What does digital health have in common with Spotify? More than you might think. This is episode four in our podcast series hosted by the 2023 Awards Advisory Board. In this episode, TimelyMD SVP of Product Zachary Fleming speaks with Transcarent Head of Product Vikas Sabnani. They discuss the evolution of the music industry and how that relates to digital health. Then Vikas shares his four markers of what makes a great product. Overall, the theme is about creating integrated digital health experiences for all users.
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On creating totally integrated digital health experiences
“The healthcare experience today in this country can be notoriously fragmented and disconnected. But health truly happens at the whole person level. Not one visit, one encounter at a time. Our vision is to bring it all together into one single totally integrated experience.
“On the employer side, the vision is that it’s the one solution they need. Today, an average employer offers anywhere from 15 to 20 different point solutions on top of the health plan. That could be a telemedicine offering, a pharmacy fulfillment solution, a meditation app, a chronic disease management solution, and so on. And when you do that, these benefits teams are now managing multiple contracts with different partners, multiple vendors to manage. Each vendor will have their own communication programs and strategy with their employees. And that just creates a lot of noise.
“On the pricing side, these employees have to deal with multiple PPMs. And then different pricing models and ROI models to measure ROI of the investment. The way we’re doing all this is all of the services are offered under a value-based management. So even something as transactional as telehealth, for example, we try to create the pricing model on that on a value-based arrangement. And so our interests are truly aligned between the provider, the patients, the members, Transcarent, and the employer. That allows us the ability to go at risk with the employer.”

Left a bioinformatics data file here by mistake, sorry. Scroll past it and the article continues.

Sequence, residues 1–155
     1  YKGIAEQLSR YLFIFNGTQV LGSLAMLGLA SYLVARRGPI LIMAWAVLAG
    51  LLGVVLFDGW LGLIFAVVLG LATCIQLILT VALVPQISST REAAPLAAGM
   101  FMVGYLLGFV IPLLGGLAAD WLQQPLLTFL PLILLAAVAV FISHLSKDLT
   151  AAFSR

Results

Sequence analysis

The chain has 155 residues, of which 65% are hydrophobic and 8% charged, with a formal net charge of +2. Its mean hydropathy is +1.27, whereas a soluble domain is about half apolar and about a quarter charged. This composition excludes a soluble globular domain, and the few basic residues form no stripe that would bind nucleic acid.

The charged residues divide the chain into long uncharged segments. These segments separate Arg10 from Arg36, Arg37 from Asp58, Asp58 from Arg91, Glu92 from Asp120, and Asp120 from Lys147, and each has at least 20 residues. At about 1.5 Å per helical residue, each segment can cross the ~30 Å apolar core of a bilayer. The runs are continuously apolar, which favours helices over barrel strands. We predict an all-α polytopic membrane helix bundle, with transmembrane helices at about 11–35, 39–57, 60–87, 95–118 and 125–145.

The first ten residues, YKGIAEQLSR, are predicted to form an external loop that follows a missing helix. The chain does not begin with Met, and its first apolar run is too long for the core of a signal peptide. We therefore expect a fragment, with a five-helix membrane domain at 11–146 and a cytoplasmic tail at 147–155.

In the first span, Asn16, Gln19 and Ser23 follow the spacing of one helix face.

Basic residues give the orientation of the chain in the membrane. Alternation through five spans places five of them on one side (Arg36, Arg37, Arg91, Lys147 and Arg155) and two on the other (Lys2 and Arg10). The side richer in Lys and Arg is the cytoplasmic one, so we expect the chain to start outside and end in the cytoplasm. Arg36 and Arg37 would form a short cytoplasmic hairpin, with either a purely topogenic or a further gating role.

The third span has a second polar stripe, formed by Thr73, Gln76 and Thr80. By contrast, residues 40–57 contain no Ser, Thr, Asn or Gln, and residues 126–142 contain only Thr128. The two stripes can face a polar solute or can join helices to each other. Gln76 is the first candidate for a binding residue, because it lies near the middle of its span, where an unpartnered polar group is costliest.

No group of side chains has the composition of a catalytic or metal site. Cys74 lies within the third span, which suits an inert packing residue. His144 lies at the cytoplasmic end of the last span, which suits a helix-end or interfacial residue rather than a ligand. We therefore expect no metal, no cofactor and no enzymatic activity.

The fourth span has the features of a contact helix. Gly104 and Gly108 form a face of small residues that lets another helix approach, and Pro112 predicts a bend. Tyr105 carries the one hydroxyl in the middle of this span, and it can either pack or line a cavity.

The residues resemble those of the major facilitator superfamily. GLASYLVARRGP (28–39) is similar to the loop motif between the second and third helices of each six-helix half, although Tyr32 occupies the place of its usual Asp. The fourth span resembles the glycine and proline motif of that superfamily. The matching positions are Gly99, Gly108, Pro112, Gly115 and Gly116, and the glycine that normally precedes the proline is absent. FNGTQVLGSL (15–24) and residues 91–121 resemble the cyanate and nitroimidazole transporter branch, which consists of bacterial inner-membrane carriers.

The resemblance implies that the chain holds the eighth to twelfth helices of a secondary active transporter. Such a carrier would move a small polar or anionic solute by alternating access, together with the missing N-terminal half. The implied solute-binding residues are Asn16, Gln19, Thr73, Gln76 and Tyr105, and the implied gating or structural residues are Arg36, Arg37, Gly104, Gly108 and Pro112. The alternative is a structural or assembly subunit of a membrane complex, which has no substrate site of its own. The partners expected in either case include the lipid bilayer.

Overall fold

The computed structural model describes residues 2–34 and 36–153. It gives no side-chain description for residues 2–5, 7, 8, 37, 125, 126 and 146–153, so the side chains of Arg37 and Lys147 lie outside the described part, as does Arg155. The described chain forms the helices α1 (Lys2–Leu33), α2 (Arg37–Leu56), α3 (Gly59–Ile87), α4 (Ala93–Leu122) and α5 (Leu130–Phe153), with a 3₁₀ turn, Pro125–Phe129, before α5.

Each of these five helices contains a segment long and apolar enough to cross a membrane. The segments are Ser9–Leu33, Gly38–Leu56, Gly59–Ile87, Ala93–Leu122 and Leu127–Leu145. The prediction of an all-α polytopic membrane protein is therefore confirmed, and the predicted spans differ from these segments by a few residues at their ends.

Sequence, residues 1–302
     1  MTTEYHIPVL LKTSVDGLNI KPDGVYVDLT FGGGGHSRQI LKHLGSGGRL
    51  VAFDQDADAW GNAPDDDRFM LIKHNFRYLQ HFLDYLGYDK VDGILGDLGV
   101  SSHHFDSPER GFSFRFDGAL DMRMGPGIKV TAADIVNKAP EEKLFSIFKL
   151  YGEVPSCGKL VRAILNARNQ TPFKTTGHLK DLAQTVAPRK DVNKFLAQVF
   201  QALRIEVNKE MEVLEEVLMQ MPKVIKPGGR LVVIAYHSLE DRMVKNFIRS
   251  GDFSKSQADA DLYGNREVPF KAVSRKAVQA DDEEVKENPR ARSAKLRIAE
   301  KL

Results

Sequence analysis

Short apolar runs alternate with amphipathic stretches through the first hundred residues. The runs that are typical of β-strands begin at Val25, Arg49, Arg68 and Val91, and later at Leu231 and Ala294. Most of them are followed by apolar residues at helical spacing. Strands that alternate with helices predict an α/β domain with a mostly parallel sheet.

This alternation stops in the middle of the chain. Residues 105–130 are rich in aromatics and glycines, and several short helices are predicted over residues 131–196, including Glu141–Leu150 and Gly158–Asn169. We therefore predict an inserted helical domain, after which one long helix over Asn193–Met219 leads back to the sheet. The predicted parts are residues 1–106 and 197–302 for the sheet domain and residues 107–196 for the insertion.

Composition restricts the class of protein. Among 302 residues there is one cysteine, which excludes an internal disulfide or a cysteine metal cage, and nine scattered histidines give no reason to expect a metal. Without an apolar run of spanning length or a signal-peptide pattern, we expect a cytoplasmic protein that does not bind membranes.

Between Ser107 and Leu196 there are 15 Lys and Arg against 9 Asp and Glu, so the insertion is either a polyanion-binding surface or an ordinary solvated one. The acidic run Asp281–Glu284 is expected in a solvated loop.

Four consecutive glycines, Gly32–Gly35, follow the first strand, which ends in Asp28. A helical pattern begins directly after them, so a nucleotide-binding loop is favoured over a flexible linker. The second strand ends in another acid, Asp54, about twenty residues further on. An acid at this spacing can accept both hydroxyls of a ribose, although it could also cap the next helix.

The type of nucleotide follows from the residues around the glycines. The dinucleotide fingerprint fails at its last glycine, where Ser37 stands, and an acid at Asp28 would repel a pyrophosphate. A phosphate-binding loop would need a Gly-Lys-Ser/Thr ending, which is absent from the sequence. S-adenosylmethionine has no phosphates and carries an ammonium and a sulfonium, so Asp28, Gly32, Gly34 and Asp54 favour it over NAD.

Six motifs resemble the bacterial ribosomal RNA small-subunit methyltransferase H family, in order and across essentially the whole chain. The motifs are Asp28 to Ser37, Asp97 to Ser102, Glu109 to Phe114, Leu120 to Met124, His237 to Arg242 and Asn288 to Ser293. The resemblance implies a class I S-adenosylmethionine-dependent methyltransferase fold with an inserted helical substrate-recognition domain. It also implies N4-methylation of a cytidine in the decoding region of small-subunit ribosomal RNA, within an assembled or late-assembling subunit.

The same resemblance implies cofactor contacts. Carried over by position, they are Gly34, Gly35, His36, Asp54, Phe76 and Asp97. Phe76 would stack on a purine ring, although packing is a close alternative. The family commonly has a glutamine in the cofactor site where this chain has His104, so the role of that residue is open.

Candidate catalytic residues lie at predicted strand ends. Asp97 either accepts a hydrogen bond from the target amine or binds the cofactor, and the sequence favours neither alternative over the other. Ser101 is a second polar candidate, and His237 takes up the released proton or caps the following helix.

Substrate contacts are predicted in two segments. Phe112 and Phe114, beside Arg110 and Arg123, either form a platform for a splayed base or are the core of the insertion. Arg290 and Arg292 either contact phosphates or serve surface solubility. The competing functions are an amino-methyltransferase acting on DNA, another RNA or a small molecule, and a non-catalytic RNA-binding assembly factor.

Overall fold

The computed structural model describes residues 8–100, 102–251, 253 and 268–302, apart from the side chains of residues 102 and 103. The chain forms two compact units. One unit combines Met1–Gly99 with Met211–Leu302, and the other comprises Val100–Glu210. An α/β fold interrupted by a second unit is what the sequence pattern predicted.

On what health insurance has in common with the music industry
“The analogy I like to think about here is really how the music industry played out and the parallels of that in the healthcare industry. Music 1.0 was like a music CD. You had to buy a bundle of songs on a CD. You as a consumer had no control over what goes on that CD. Whether you want to listen to one song or two songs, you still buy the entire CD for 15, 20 bucks. Someone else decided what goes on that CD.
“This is kind of how your insurance plan works. Someone makes the decision and you’re stuck with what’s in there. Music CDs then got unbundled into individual songs and mp3s. In the early 2000s, we all were excited with Napster. Then iTunes came along, and then you could collect songs, one by one. And you paid 97 cents per song. Now you could create your own assortment. And that’s kind of similar to how the digital health point solutions are out there. Employers are assembling their own assortment of different point solutions to create something for the employees.
Too much fragmentation
“The issue there is now you have too much fragmentation. You’re managing all your songs across different devices, keeping them in sync, and all that stuff. So, finally, Spotify came along, and it basically reorganized the entire concept around playlists. Now as a consumer, you have access to all the songs in the catalog. The supply of music has become infinite. And now it’s truly personalized to the consumer.
“That’s really the way I think about Transcarent. This is an urgent problem now, because people are dealing with so many different fragmented solutions. We are bringing all of these different services into one integrated experience. It’s designed for the consumer, and you have access to it. We remove all the barriers to access the services. Ultimately, it’s personalized to the consumer’s needs.”
On the 4 things that make a great digital health product
“First and foremost, we’d all agree that the product has to create meaningful value for the members. It needs to solve a real need. It needs to solve it in a desirable or a delightful way. The member experience is always key.
“The second thing is it needs to create business value. Now, assuming this is a commercial product, ultimately, a great product is one that can solve these problems and in a profitable way.
“Third, it needs to be able to do it at scale. It’s easy to make a small product that can solve the needs of a few people in a profitable way. But can you do that at scale? Can you actually do it across hundreds, or thousands, or millions, or billions of people?
“Lastly, especially in the healthcare setting, it’s important that the product is creating positive community and societal value. There are many products in the short term that can check off the first three boxes, right? It can be meaningful for the users. It can be profitable. But is it really progressing the community in a fair and equitable way? And I would say that’s especially important for healthcare.”
About the speaker
About the host
Zac is a growth driver with a passion to create innovation within healthcare. With over a decade on the leading edge of digital health, he brings his experience across start-ups to Fortune 30 corporations to help companies transform to make healthcare the way we all wish it would be. He casts bold visions that are grounded in proven strategies to help product-led companies exceed their growth, EBITDA and experience goals. He is the Founding CEO of WellB.